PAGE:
Firms Settle Fee Dispute After Sex-Bias Class Action Resolves
Hamburg & Golden has settled its suit against Sanford Heisler over fees the former alleged it was owed after the two firms worked together on behalf of the plaintiffs in a gender-discrimination class action.
The terms of the settlement, reached late last month, were not disclosed.
Hamburg sued Sanford in the Philadelphia Court of Common Pleas in July 2013 after the two firms disagreed on what cut of the fees Hamburg was owed after it worked with Sanford on settling a gender-discrimination matter. While the court documents don't reference the specific case and redact any mention of the client in exhibits, the two firms did work together during the timeframe outlined in the complaint in representing Francine Griesing in her $200 million gender-discrimination putative class action against Greenberg Traurig. That case settled in May 2013.
While Hamburg's suit against Sanford was filed in July 2013, Sanford didn't seek removal to federal court until after Hamburg filed its fourth amended complaint and notified Sanford in writing for the first time that damages were more than $75,000, Sanford said in its removal notice filed in the Eastern District of Pennsylvania on Jan. 23. On Jan. 31, U.S. District Judge Stewart Dalzell dismissed the case due to a settlement being reached.
According to Hamburg's complaint, the firm represented a client, on an hourly-rate basis, in a gender-discrimination case from 2009 through 2012. It helped the client navigate the administrative remedies that precede litigation. The U.S. Equal Employment Opportunity Commission found "reasonable cause" in June 2012 that Hamburg's client was discriminated against and faced retaliation and that there may be classwide claims, according to the complaint.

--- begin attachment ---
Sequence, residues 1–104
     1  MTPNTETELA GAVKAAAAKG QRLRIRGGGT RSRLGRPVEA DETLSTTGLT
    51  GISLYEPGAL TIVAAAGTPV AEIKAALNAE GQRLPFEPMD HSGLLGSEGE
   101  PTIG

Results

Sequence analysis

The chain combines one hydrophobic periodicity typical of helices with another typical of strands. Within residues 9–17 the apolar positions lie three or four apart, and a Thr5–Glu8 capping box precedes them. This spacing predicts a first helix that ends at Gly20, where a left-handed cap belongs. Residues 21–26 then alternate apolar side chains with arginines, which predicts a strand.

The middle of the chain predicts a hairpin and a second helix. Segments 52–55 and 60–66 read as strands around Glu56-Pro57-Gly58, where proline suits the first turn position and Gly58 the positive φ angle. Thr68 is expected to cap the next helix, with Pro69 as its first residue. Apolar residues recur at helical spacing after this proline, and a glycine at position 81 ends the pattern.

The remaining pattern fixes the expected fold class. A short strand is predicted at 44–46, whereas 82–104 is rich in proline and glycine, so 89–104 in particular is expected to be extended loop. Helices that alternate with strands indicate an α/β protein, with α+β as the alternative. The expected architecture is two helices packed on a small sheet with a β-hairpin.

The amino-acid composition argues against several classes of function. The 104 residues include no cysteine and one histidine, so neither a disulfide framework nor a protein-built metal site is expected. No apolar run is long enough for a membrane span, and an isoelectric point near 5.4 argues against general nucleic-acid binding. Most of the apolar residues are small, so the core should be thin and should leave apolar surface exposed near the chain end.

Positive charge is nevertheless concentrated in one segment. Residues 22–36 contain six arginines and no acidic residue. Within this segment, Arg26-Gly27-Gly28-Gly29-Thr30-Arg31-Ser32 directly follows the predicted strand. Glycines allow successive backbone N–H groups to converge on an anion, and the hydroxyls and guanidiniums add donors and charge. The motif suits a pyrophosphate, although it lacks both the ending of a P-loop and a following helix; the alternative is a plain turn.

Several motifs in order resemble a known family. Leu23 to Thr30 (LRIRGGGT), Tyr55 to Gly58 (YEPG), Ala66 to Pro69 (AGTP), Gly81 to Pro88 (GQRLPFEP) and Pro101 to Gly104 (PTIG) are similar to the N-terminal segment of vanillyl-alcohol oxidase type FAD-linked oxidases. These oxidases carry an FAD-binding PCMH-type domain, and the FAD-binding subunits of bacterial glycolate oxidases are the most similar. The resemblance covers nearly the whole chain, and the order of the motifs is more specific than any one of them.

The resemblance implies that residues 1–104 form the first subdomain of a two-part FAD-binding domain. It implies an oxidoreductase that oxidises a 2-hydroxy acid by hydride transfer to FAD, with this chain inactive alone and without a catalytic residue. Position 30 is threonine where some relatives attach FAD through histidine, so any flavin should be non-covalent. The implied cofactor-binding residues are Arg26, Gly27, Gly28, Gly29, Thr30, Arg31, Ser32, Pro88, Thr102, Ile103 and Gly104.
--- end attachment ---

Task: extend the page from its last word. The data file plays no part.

The client then decided to hire Sanford to file a case against the client's employer on a contingency fee basis. Sanford asked Hamburg to continue to perform services in connection with the case given its historical knowledge of the matter and its work before the EEOC, according to the complaint.
Hamburg said in the complaint that it continued to submit bills based on an hourly rate to the client, who then informed the firm that, under the client's agreement with Sanford, it was Sanford that was to pay Hamburg's bills. Beginning in March 2013, Hamburg submitted its bills to Sanford, Hamburg said.
In response to a question as to why the fees weren't being paid, Sanford told Hamburg that it was keeping the Hamburg invoices on file and would use them to determine Hamburg's proportional share of the attorney fees Sanford recovered in the matter, according to the complaint.
After the client's case settled, a Sanford attorney emailed Hamburg to inform the firm that, per Sanford's agreement with the client, the client would pay the invoices to Hamburg directly, according to the complaint. Hamburg said in the complaint that the client informed the firm that was not the client's arrangement, that Sanford was to pay the fees to Hamburg and that the client never agreed to pay Hamburg a proportional contingency fee.
In May 2013, Sanford wrote Hamburg to say it sent Hamburg a check to cover the invoices the firm submitted over the course of the litigation. Hamburg responded that the only written agreement the two firms now had was an email from Sanford saying it would pay Hamburg a proportional fee. Sanford responded, according to Hamburg's complaint, that the email was simply to confirm that Sanford had received the invoices and that it would determine after Sanford received its fee what portion was owed to Hamburg.